At 6pm, the people who only go to Alinur during the day for school head home and return the following day. There are 17 people who live there full-time other than the weekends when they also go home who continue to go to class for two hours. The classes are very interactive and there is really never a dull moment. So having class from 6-8 is never a problem from them. 

At 8pm, it’s time to shower and get ready for dinner. Martha and Julio are the occupational therapists who assist the people which their nightly routine and stay with them till breakfast at 8am. 

From the start, Martha and Julio gave me an amount of responsibility that you normally would receive after months of working at a place, but I think it tells a lot about the Spanish culture. That serving is serving. Martha told me on my first day ” We don’t get a lot of people like you who just come and serve. That tells a lot about your heart.” 

At night I am assigned 3 or 4 different people who I assist with their night- time routine. This consist of making sure they use the correct amount of shampoo, conditional, shower gel when they shower. Making sure their personal hygiene is good with using deodorant, having clean nails, brushing their teeth. We also make sure they prepare their clothes for the following day and that that day’s clothes are in the dirty laundry basket.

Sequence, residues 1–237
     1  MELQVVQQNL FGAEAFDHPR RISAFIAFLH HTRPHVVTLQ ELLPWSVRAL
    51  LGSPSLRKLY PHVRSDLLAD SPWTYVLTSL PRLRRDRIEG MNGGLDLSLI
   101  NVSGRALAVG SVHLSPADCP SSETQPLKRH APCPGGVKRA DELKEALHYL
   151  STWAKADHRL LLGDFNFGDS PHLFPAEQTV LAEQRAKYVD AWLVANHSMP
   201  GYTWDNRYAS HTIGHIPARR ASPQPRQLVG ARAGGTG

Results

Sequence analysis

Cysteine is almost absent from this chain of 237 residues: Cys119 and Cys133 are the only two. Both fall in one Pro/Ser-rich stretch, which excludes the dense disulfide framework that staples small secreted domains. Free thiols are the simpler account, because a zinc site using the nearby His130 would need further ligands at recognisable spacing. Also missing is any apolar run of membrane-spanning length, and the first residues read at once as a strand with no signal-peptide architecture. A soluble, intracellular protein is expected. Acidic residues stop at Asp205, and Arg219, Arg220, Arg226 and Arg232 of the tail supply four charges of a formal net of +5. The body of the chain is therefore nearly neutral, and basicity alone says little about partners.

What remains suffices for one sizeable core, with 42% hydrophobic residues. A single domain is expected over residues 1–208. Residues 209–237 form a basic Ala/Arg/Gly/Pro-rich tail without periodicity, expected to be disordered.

When I’m at Alinur the hours fly by and when it’s time to leave the kids and I both protest. These months I’m spending at Alinur have been some of the moments I’ve had with the Bonner Scholarship because it’s outside of my normal community. 

Alinur is just what I wanted. A place unlike any I have ever served at. I just didn’t know that Alinur needed me as much as I needed it. I am ecstatic to continue forming relationships, teaching them some things, and learning things from them. 

When I think about the memories I have from Alinur and what I have yet to experience my heart grows and get overwhelmed with joy. I believe everybody should want to feel that. 

Te Quiero, Alinur 💕



Ciao Roma!

Ciao Everybody! 

I just returned from an incredible 4 day trip to the beautiful city of Rome, Italy. If you’ve every imagined a place full of your favorite pasta, pizza, gelato, and beautiful architecture, you were most likely picturing what actually is Rome. 

Traveling around Europe is relatively cheap, but to make this trip even cheaper we decided to fly out of Valencia, Spain. On October 31st, we took a Renfe train from Alicante to Valencia which is about a two hour bus ride. We decided to stay in an AirBnB for the night to get some rest and prepare ourselves to wake up at 3:30am to catch our flight at 6:45am. 

After a noisy night because of the neighbors, we packed up our belongings and took a taxi to get to the Airport. The flight was also two hours, so in total it took us 4 hours to get to Rome, Italy. We landed at 8:50am which was so exciting to have an entire day of exploring.